The past month hasn't been kind to shareholders of Gilead Sciences . After the stock reached an all-time high of $116.83 in November, shares have now fallen over 10% in roughly a three-week span. What's more, investors and hedge funds alike have begun piling into Gilead's chief rival on the hepatitis C front, namely AbbVie . The net result has been two stocks moving in drastically different directions:
Cutting to the chase, this exodus out of Gilead reflects the growing concern that AbbVie might decide to significantly undercut Harvoni's $94,500 price tag, with its hepatitis C regimen of Viekirax plus Exviera, in orderto curry favor with payers. Payers, for their part, have fanned these flames by publicly pleading with AbbVie to do so, even stating that the current price tags of Gilead's hep C drugs are "unsustainable."
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While I have no idea whether AbbVie will go this route or how it would ultimately affect Harvoni's commercial performance, I do believe Gilead is a great long-term pick up following this dip. Here's why.
Harvoni probably won't be wiped off the map by competitionThe hepatitis C drug game has been marked by disruptive new therapies that go on to eventually completely displace their older counterparts. For example, Vertex Pharmaceuticals saw sales of its hepatitis C therapy Incivek plunge by 99% in the wake of Sovaldi's approval. And Johnson & Johnson's Olysio is also expected to meet the same fate following Harvoni's approval.
Harvoni is a different animal altogether, though, With functional cure rates of 94% for genotype 1a patients, it's going to be hard to make a better mouse-trap, so to speak. The only angle left is for future therapies to lower the treatment duration. And so far, this approach hasn't worked out so well, as shown by the failure of Merck & Co.'s experimental therapy last month. In sum, AbbVie's rival therapy may gain some points on the pricing front, but I don't see it gaining the lion's share of the market over such a potent new therapy.
Gilead's pipeline is a sight to beholdGilead's string of successful acquisitions over the past decade has given it one of the most promising clinical pipelines in the business. Specifically, Gilead has clinical trials under way for at least six potential blockbusterindications, such as non-alcoholic steatohepatitis and a host of blood-based disorders, just to name a few.Themonoclonal antibody Simtuzumab, in particular, looks like it could be a megablockbuster in the making, based on its diverse clinical trial program (assuming that it succeeds in the clinic).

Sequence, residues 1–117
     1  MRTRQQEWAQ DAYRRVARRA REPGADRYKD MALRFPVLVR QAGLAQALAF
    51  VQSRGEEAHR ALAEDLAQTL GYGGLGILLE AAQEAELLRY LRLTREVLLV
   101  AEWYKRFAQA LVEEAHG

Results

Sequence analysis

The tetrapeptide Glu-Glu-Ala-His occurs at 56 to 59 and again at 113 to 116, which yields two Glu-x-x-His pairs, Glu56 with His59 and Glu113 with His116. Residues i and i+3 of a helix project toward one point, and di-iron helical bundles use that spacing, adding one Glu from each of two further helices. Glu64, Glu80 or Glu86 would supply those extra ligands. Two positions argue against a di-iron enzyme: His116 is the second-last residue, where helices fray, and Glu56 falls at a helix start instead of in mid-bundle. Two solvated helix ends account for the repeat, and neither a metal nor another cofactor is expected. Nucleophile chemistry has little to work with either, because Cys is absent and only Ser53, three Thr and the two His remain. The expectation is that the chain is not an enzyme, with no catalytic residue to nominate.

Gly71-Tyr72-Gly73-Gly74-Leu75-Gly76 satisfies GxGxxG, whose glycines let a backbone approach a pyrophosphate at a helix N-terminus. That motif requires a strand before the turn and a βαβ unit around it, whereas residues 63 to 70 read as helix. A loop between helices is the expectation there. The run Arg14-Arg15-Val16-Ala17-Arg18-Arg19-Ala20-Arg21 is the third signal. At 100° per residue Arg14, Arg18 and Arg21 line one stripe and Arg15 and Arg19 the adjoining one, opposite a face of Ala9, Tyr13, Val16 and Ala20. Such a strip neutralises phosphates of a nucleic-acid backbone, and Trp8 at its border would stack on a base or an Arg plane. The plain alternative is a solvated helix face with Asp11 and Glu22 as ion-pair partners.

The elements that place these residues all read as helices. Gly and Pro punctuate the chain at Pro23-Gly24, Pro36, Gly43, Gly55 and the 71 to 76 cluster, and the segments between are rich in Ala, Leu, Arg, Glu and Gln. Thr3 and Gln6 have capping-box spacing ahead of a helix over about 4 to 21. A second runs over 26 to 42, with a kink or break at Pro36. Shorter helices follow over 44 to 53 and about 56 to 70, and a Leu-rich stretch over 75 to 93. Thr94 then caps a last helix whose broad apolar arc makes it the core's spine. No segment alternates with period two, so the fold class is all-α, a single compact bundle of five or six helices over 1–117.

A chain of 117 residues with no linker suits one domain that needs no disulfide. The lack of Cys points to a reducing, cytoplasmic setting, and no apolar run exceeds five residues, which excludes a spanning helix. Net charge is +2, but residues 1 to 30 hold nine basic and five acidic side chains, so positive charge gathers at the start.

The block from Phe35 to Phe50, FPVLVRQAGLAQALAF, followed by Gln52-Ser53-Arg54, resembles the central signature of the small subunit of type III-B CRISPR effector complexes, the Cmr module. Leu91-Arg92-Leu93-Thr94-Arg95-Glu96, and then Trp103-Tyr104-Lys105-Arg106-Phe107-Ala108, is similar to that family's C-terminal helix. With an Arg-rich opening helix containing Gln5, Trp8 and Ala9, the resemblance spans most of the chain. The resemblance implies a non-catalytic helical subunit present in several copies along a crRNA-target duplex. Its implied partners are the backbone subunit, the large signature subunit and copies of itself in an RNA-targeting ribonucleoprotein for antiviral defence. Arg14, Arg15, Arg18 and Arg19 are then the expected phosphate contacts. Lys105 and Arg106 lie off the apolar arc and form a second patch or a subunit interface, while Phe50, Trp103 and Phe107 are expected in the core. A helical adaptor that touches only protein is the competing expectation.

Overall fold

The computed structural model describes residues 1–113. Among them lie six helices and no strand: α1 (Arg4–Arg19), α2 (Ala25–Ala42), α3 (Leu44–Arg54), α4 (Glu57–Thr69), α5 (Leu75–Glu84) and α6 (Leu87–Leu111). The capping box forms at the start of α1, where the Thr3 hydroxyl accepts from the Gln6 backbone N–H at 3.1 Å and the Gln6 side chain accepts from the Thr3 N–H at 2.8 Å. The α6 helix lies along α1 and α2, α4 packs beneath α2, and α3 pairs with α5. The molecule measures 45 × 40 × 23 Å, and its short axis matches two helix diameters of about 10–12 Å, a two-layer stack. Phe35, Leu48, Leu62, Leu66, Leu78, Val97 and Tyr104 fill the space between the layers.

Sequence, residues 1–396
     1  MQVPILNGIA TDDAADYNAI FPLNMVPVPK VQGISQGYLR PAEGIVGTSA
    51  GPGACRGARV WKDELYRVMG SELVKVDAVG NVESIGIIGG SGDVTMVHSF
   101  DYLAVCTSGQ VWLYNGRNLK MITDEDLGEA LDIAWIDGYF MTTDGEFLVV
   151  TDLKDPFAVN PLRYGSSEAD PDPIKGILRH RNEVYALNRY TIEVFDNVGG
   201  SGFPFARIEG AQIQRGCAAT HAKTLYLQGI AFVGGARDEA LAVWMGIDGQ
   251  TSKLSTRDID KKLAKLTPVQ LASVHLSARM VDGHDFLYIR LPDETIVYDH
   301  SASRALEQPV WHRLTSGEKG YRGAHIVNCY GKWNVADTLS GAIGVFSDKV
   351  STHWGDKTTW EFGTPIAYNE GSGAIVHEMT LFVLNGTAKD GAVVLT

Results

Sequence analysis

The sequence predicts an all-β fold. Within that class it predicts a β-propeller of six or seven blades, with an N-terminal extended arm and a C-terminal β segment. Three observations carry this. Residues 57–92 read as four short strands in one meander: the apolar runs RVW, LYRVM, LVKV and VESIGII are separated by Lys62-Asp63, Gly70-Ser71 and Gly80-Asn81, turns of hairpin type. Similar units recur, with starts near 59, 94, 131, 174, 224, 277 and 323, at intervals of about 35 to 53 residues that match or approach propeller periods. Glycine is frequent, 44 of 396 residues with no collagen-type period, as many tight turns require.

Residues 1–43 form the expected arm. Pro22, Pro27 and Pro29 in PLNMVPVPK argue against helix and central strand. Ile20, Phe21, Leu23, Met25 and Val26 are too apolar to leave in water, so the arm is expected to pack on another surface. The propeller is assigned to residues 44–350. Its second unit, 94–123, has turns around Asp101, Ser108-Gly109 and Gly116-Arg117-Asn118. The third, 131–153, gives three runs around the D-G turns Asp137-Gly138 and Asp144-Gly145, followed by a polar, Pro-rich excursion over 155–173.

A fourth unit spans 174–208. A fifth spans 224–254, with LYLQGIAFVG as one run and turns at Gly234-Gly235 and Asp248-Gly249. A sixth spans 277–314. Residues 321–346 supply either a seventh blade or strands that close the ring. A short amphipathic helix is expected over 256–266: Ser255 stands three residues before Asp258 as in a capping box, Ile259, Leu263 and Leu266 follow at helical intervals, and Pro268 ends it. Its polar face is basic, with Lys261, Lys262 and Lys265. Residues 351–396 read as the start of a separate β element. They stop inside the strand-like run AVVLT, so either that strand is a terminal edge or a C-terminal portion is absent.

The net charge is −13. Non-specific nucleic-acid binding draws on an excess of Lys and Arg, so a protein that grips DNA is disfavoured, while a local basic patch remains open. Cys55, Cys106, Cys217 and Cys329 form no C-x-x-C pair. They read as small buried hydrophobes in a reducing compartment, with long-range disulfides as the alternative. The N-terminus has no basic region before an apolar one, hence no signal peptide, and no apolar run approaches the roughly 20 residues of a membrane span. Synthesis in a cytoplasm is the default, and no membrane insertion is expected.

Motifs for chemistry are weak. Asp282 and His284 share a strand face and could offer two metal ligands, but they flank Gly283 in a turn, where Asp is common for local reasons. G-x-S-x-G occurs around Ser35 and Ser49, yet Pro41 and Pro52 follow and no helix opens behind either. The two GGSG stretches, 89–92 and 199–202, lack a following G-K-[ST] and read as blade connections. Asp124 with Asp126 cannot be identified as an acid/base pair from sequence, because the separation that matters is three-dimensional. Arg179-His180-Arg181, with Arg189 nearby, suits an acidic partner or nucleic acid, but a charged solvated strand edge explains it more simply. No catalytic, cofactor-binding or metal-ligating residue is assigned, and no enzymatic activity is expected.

Even so, I am doubtful that the market is placing much value in either Simtuzumab or Gilead's superb pipeline in general, given the stock's price-to-earnings ratio of a mere 18. Most of Gilead's peers are currently garnering much higher premiums, suggesting that relatively little value is being assigned to this top-notch pipeline.
Why I'm keeping the faithWatching a stock lose 10% in a month can be painful, especially when the underlying business seems to be going gangbusters.This is one of the main reasons taking the long view is so important. I'm not concerned about where Gilead's share price will be in a month or even a year from now. As a long-term investor, I'm more interested in how management is growing the clinical pipeline to create deep value, which is a task they've excelled at thus far.With multiple potential blockbusters in tow, top-notch management, and a strong balance sheet, I haven't lost any sleep buying more Gilead on this dip.
The article Time to Buy This Dip in Gilead Sciences, Inc. Stock? originally appeared on Fool.com.
George Budwell owns shares of AbbVie and Gilead Sciences. The Motley Fool recommends Gilead Sciences, Johnson & Johnson, and Vertex Pharmaceuticals and owns shares of Gilead Sciences and Johnson & Johnson. Try any of our Foolish newsletter services free for 30 days. We Fools don't all hold the same opinions, but we all believe that considering a diverse range of insights makes us better investors. The Motley Fool has a disclosure policy.
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